Jefferson City received a national recognition Tuesday for its cycling community and infrastructure.
Jefferson City became one of 476 bicycle-friendly communities in the United States after receiving a bronze BFC designation from the nonprofit League of American Bicyclists, according to a city news release Tuesday.
To receive a four-year BFC designation, Jefferson City had to earn points for things the city has done to promote cycling, including adding bicycle racks and creating bicycle lanes. Those points translate to bronze, silver, gold, platinum and diamond ranks.
Over the last five years, the city has made several strides toward becoming more bicycle-friendly. It added bicycle racks and lanes throughout the city, brought in the bike-share program, resurrected its bicycle subcommittee, created more cycling classes and started a local cyclist-friendly businesses recognition, among other items.
"It feels phenomenal," said Ashley Varner, healthy communities coordinator for Capital Region Medical Center. "All of those pieces of the puzzle awarded us points as a community to go towards this."
Individuals from the Jefferson City Public Works Department, Jefferson City Police Department, Capital Area Metropolitan Planning Organization, and CRMC's Healthy Schools, Healthy Communities submitted the application.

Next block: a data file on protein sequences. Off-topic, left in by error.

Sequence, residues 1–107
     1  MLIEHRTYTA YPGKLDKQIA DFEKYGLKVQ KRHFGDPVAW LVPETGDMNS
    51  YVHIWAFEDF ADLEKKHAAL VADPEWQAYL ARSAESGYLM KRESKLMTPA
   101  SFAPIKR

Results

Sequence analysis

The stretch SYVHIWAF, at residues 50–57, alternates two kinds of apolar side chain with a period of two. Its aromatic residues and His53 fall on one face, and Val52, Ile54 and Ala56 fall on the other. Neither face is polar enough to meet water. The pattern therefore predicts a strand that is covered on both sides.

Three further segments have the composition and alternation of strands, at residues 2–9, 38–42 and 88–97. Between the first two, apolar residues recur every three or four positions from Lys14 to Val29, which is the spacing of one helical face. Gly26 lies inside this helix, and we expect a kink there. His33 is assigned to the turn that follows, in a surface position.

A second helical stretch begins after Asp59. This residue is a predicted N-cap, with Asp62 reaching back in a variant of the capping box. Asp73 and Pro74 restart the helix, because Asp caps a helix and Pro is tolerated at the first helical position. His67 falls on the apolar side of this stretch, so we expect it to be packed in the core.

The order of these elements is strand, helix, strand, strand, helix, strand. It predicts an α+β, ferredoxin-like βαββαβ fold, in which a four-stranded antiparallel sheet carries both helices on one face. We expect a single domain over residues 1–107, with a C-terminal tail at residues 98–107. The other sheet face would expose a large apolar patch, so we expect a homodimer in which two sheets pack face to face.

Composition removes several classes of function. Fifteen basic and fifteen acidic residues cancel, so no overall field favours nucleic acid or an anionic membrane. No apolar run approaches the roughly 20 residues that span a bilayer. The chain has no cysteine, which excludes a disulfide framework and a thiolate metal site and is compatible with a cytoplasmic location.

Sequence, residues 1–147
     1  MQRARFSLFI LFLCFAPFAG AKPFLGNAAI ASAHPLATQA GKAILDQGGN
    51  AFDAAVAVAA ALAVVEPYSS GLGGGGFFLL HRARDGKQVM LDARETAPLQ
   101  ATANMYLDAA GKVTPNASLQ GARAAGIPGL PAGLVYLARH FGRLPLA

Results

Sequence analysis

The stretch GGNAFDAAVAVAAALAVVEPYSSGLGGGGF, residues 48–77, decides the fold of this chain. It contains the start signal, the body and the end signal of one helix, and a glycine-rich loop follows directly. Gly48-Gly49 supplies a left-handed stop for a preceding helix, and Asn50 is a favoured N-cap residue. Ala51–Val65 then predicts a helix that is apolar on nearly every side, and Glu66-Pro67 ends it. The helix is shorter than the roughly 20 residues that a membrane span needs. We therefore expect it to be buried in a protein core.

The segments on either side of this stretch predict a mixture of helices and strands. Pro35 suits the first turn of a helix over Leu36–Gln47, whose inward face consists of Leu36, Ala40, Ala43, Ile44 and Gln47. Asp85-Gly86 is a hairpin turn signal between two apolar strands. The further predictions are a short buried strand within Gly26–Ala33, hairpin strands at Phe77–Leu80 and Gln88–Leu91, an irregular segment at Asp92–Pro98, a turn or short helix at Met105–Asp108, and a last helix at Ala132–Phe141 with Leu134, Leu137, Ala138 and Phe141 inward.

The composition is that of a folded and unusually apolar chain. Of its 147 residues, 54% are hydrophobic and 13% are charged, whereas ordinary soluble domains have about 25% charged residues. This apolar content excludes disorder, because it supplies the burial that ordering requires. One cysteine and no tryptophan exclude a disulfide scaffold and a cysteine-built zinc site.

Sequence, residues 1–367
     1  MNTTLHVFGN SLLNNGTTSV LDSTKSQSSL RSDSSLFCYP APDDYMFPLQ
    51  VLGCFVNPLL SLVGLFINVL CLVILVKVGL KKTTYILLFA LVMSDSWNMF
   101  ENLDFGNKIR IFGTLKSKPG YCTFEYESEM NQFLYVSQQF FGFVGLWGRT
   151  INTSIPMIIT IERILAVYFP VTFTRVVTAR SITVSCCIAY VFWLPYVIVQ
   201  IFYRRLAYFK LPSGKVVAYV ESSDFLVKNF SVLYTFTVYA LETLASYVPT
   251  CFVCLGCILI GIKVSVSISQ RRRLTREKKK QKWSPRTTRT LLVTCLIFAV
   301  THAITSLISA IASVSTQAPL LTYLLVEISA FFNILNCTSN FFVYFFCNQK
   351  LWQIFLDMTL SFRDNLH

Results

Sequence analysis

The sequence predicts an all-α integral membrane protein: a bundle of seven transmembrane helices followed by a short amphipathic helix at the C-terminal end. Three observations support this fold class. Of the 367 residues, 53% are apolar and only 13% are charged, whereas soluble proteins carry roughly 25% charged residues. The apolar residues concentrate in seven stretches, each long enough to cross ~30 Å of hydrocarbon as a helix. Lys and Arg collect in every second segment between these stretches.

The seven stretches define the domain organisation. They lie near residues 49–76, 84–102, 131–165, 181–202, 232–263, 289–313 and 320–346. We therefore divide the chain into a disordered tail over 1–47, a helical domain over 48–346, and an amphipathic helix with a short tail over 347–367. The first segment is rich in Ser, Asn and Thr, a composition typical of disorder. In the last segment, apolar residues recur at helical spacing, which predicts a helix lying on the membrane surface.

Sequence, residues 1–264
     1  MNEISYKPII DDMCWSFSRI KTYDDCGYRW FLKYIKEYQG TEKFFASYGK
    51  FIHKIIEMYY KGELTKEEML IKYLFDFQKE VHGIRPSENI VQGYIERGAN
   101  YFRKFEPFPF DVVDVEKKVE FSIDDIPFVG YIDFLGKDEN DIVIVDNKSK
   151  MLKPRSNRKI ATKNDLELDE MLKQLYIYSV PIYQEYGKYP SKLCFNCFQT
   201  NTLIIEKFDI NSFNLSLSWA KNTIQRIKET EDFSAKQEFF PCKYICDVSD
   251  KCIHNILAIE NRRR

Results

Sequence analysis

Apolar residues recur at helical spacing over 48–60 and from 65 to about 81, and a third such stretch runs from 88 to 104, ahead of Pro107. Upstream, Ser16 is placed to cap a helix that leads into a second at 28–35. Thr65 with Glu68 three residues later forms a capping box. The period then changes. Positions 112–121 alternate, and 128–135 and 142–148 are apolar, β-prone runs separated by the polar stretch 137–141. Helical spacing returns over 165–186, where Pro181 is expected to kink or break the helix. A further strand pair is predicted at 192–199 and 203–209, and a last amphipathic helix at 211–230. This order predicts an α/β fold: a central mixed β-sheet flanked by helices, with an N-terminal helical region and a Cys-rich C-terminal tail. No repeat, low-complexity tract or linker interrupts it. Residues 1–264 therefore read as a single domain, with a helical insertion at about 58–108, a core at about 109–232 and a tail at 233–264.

Jefferson City is the eighth Missouri community to receive a BFC designation. Columbia, Clayton, Kansas City, Lee's Summit, Ferguson, Springfield and St. Louis received designations previously.
The city received an honorable mention for the BFC designation in November 2017.
CAMPO, representing Jefferson City and other Mid-Missouri municipalities, applied for the BFC designation in 2014, but didn't receive it.
As an employer, Jefferson City received a bronze bicycle-friendly business designation in early 2017, meaning the city provides bicycle amenities and education to its employees.
The city will have to renew its BFC designation every four years, according to the news release.
Moving forward, it's important for the community to maintain the cycling culture it has in place, Varner said.
The city plans to add more bicycle lanes and implement city code changes to reaffirm the city's support of livable streets, City Engineer David Bange said. Livable streets are designed for all types of transportation and can include sidewalks, crosswalks, cyclist accommodations and greenway extensions.
Varner said she would like to expand the bike-share program and offer more cycling education and classes.